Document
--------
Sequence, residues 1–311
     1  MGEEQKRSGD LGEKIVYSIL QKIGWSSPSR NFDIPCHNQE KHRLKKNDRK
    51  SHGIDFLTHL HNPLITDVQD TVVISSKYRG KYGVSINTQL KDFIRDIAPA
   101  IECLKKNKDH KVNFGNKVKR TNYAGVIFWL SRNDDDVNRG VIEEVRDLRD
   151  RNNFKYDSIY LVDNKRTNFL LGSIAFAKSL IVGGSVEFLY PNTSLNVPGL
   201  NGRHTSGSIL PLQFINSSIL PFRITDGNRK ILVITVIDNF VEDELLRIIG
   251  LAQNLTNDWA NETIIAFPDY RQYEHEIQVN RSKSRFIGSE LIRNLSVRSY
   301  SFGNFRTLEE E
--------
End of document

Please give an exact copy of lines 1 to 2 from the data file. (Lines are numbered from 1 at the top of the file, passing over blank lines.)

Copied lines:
Sequence, residues 1–311
     1  MGEEQKRSGD LGEKIVYSIL QKIGWSSPSR NFDIPCHNQE KHRLKKNDRK